ts were ever rising up, even to the most distant hills.
Then, in the increasing emotion which made his heart beat, the young
priest felt that he was spoiling the contentment of his desire by thus
gradually satisfying it, slowly and but partially effecting his conquest
of the horizon. He wished to receive the shock full in the face, to
behold all Rome at one glance, to gather the holy city together, and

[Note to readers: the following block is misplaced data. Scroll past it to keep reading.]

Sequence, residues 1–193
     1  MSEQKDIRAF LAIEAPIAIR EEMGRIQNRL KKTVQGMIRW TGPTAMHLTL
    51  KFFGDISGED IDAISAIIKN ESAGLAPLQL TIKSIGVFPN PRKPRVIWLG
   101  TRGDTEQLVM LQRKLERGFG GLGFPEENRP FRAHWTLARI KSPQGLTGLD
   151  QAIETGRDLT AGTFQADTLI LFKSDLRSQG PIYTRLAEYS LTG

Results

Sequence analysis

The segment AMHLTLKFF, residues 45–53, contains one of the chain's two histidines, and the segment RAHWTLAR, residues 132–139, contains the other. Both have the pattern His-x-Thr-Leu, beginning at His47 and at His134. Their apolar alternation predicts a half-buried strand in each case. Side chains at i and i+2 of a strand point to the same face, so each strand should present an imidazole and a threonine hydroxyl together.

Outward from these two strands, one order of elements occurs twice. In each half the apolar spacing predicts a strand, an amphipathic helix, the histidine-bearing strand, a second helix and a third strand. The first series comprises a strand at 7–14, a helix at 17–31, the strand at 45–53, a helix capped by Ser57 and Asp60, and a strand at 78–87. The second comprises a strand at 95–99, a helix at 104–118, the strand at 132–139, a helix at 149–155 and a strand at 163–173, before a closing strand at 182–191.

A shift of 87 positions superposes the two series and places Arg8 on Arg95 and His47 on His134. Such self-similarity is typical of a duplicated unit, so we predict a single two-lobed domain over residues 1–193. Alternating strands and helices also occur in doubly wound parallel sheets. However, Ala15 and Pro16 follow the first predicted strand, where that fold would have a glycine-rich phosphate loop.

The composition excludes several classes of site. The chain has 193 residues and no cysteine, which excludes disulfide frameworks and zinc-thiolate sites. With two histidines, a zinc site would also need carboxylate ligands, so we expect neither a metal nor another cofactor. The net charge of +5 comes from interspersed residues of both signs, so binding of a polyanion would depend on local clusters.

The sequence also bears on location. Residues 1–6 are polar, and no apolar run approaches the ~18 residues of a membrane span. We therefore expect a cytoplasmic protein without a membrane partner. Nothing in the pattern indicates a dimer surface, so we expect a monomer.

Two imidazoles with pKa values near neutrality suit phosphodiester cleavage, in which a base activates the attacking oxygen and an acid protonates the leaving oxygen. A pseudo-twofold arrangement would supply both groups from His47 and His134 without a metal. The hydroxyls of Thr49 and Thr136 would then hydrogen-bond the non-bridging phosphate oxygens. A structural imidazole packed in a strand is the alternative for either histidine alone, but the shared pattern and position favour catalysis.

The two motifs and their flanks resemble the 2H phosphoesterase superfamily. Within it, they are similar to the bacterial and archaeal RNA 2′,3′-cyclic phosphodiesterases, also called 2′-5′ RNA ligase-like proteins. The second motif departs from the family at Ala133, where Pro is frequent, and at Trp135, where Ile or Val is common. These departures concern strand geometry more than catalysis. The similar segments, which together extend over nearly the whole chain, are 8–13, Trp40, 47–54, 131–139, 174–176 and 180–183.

embrace the whole of it at one grasp. And thereupon he mustered
sufficient strength of mind to refrain from turning round any more, in
spite of the impulses of his whole being.
There is a spacious terrace on the summit of the incline. The church of
San Pietro in Montorio stands there, on the spot where, as some say, St.
Peter was crucified. The square is bare and brown, baked by the hot
summer suns; but a little further away in the rear, the clear and noisy
waters of the Acqua Paola fall bubbling from the three basins of a
monumental fountain amidst sempiternal freshness. And alongside the
terrace parapet, o